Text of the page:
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United States. Office of Indian Affairs / Annual report of the Commissioner of Indian Affairs, for the year 1883
([1883])

Reports of agents in Washington territory,   pp. 141-157 PDF (8.3 MB)


Page 149

REPORTS OF AGENTS IN         WASHINGTON     TERRITORY.        149 
allotments as the Indians wished to select and occupy on both the Tulalip
and Swin- 
omish Reservations, and he is now at work on the Lummi Reservation. Indians
who 
have roamed about the country have, of late, returned to their several reservations
and taken up land, and seem to feel a new interest in making something of
themselves. 
It is very evident to my mind, and is coming I think to be the prevailing
opinion in 
this part of the country, that the proper course for the Government to pursue
is, 
instead of keeping large and valuable tracts of land idle, on which an Indian
dare not, 
and a white mun cannot, make any improvements, to give to such Indians as
will use 
it what land they need or are entitled to under the varions treaties, with
such safe- 
guards as are needed to protect their ownership in it from the rapacity of
avaricious 
and unprincipled white men, and then dispose of the remainder to actual bona
fide 
settlers, and apply the proceeds towards the education of the children of
the several 
tribes entitled thereto. The example of the more energetic Caucasian will
stir up 
his more phlegmatic and untutored neighbor to greater efforts for himself,
and har- 
mony and good feeling towards the Government and the Indians will be likely
to 
exist in a greater degree than at present. On the reservations belonging
to the Nis- 
qually subagency the allotments have generally been made, but there is but
little 
record of them in the office, and there is need of much labor to get such
records as are 
needed arranged. 
The sanitary condition of the Indians is not encouraging. On both the Tulalip
and 
Puyallup Reservations the mortality during the past winter was very large.
The 
closer they are brought in contact with civilization the faster niany of
them seem to 
fade away. Those, however, who successfully pass as it were the shoals between
barbarism and civilization seem to improve, and the health of themselves
and their 
offspring is fairly good. 
Each of the three sub agencies has had the benefit of the labors of a missionary,
who has devoted his time to the religious welfare of the several parishes.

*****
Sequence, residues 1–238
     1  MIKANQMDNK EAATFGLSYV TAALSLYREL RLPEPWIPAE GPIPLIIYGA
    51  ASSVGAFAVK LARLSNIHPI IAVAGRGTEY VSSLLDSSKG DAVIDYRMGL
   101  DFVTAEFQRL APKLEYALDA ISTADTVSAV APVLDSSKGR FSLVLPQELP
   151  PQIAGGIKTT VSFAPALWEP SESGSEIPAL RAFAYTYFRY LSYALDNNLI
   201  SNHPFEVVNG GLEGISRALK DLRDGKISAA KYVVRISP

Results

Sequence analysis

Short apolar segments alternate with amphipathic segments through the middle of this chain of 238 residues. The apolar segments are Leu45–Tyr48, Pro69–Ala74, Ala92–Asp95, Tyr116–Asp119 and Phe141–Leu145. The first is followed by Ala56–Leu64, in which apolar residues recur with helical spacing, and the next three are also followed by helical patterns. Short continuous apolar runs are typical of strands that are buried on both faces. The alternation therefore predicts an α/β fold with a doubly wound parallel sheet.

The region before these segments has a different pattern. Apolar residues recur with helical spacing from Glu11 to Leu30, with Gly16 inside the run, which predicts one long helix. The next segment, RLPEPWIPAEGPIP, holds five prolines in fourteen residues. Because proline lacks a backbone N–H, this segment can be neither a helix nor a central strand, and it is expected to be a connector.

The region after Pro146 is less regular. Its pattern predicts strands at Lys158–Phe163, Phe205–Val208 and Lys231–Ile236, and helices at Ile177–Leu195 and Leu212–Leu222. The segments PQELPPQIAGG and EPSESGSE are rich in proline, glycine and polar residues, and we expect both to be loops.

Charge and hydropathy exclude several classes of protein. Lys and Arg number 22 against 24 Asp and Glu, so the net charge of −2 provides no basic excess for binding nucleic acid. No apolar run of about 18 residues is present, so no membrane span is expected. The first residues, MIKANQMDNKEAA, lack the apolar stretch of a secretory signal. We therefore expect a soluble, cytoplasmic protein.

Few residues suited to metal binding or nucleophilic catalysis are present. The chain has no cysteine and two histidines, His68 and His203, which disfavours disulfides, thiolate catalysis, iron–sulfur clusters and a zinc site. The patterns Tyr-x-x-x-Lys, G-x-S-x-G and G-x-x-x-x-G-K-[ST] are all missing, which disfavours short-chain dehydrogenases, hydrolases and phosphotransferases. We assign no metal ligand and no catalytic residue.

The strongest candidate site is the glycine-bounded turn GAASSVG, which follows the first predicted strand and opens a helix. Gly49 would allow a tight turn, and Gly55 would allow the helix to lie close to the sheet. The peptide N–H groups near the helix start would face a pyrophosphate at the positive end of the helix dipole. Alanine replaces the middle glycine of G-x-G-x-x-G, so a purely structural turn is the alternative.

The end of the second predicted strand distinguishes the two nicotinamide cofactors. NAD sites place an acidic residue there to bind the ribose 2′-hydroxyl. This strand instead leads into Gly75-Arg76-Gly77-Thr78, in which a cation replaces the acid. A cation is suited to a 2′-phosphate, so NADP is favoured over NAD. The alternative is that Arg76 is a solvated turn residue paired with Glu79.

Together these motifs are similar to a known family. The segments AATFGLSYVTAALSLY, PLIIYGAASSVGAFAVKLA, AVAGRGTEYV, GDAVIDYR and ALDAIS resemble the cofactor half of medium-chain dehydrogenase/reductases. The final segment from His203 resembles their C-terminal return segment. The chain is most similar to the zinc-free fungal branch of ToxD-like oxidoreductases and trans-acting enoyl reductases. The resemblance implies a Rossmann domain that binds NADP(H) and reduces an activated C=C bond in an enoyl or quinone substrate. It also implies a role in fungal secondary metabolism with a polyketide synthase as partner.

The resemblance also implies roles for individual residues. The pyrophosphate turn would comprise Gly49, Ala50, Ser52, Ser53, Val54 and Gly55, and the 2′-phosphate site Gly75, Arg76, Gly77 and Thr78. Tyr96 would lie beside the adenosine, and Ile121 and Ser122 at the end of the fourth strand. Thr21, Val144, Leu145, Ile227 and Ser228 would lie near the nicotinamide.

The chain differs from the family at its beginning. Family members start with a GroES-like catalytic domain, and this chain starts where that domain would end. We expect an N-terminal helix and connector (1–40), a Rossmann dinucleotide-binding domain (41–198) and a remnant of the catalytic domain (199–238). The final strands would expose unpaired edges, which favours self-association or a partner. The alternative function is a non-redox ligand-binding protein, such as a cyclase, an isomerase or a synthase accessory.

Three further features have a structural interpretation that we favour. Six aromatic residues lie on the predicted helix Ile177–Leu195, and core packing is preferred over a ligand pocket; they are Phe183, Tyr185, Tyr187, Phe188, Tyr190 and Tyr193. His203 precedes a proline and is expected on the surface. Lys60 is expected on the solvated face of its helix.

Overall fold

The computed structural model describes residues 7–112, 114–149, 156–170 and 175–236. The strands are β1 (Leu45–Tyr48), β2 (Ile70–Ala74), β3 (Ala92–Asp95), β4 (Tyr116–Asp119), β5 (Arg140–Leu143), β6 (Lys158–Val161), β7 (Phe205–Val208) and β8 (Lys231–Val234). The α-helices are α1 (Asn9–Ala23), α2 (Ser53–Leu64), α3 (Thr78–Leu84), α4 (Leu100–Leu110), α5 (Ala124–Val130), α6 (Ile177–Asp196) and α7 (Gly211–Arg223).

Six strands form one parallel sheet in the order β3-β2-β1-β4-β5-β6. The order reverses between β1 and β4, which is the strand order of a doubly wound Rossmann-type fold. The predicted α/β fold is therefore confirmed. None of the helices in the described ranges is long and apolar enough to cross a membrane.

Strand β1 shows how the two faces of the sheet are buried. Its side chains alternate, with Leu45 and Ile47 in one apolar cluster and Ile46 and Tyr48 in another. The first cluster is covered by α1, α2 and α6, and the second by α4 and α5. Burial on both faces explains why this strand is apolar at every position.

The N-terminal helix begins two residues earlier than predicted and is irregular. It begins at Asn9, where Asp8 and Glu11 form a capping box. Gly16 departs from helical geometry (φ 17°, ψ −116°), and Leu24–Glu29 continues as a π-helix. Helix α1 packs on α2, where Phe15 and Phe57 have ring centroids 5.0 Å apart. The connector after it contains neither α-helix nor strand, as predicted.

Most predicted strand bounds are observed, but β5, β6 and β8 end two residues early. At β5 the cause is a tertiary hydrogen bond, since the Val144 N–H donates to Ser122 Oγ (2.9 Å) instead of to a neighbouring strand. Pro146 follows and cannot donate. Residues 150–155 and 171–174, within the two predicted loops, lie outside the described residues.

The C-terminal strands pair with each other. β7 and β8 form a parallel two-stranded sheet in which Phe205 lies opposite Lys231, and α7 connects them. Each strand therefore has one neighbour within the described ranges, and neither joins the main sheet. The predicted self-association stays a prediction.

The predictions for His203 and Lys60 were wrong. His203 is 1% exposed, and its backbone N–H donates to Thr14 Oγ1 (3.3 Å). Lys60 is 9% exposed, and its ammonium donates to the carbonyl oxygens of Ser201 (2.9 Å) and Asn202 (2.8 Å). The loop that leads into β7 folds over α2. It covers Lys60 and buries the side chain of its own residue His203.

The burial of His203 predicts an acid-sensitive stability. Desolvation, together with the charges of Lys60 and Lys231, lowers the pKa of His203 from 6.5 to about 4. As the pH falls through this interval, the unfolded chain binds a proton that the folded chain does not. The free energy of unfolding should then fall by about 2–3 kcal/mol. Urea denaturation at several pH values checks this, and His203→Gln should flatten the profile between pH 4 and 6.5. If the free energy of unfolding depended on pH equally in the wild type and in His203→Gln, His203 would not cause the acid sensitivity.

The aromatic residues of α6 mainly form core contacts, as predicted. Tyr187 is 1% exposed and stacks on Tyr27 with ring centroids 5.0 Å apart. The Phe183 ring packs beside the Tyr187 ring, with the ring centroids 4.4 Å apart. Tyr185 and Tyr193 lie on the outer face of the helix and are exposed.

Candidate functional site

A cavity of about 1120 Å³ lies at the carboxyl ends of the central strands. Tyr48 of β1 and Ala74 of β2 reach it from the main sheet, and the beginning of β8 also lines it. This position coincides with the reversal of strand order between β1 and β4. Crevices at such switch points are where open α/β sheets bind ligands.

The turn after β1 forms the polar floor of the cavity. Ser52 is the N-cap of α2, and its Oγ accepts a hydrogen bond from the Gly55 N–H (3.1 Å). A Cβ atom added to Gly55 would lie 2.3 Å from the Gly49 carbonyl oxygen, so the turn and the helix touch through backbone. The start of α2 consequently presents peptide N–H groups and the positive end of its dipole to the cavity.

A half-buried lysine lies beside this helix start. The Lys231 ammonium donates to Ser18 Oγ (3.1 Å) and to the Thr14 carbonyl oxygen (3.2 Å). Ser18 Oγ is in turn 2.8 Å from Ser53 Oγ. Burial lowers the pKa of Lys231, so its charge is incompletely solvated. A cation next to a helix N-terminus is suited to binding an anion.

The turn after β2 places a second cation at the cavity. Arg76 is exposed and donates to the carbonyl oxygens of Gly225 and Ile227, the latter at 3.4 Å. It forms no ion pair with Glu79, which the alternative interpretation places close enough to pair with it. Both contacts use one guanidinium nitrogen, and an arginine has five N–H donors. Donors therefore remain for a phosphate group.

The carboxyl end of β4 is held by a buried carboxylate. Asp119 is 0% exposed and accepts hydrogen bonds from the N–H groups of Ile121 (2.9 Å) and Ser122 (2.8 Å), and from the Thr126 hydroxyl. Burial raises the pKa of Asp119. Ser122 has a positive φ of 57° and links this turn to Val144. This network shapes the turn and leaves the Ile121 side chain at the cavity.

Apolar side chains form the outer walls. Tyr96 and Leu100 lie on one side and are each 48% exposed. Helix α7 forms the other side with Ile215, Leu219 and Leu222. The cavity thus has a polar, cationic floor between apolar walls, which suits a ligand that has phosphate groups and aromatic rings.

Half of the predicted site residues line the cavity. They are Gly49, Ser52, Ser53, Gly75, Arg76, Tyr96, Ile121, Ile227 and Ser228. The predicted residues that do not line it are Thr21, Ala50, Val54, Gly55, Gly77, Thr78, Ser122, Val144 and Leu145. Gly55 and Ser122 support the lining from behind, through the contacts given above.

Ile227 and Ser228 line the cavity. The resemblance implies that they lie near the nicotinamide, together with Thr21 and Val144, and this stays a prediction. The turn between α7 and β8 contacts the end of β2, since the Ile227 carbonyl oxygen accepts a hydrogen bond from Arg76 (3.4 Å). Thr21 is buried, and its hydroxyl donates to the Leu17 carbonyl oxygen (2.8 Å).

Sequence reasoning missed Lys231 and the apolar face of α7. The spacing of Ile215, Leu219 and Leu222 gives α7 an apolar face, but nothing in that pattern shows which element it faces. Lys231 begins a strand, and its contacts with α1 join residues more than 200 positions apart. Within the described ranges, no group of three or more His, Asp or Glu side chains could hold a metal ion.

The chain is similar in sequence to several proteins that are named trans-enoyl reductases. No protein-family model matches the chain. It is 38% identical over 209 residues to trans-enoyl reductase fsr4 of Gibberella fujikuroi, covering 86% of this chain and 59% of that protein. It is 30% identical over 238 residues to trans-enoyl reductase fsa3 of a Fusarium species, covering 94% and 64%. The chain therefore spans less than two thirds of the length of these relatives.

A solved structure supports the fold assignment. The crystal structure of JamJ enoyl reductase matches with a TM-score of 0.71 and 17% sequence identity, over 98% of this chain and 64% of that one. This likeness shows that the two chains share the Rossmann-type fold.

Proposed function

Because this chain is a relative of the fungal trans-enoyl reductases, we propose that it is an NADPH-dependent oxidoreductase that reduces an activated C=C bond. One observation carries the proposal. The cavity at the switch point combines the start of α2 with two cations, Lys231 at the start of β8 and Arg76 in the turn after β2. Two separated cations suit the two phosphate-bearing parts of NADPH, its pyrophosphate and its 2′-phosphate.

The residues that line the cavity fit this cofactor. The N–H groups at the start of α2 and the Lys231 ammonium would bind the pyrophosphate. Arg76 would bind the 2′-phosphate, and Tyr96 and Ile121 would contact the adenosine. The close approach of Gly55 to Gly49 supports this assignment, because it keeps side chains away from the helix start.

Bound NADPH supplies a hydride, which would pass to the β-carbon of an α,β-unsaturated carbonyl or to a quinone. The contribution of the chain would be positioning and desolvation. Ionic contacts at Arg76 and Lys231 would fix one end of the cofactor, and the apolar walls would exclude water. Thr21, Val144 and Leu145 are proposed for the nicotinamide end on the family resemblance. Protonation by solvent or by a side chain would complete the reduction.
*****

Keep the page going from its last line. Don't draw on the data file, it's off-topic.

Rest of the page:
These are 
supported by the several denominations to which the agencies were originally
as- 
signed, and are Catholic, Presbyterian, and Congregational. There are eight
differ- 
ent church buildings owned and mostly built by the Indians, and in which
they meet 
to worship God, besides two other Government buildings which are also used
for the 
same purpose. As a rule the labors of gospel ministers have been as fruitful
among 
Indians as any other class of people, and the rule holds good among the indians
of 
Puget Sound. To the labors of these devoted men is largely due the sobriety,
indus- 
try, and good order of the various tribes. 
In conclusion I have to acknowledge with pleasure the kindness and co-operation
of the members of the various denominations with whom I have been called
to act, 
and the faithfulness of the' several employ6s who have aided me in my arduous
and 
at times oppressive duties. 
Very respectfully, 
EDWIN EELLS, 
United States Indian Agent. 
The COMMISSIONER OF INDIAN AFFAIRS. 
PUYALLUP INDIAN RESERVATION, 
August 1, 1883. 
DEAR SIR: The time for making my annual report has arrived. In so doing I
have 
the honor to set before you the following facts concerning the educational
operations 
connected with the school and farm on this reservation: 
SCHOOL. 
There were 57 pupils in this school when I took charge last year, viz, on
November 
25, 188'2. Since that time 14 have been drafted into the Forest Grove training-school,
8 have graduated from the school and returned to their homes, 5 left school
on account 
of ill-health, of which number 2 died, making a total of 27. This has been
more than 
offset by the admission of 35 new pupils, most of them small, and very ignorant.
Of 
the pupils now in school, 59 are full-blooded Indians-35 boys, and 24 girls;
6 are half - 
caste children-viz, 4 girls and 2 boys.  * * 
GRADING OF SCHOOL. 
Thme school is regularly graded into two departments, each department occupying
a 
separate room, and being under the care of its own teacher. All the pupils
are required 
to be in school four hours in the forenoon of each day. The smaller pupils
spend 
an additional two hours doring the afternoons in the school-room, uder care
of the 
assistant teacher, who is a Normal School graduate, and a teachmer of ninny
years' prac- 
tical experience. 


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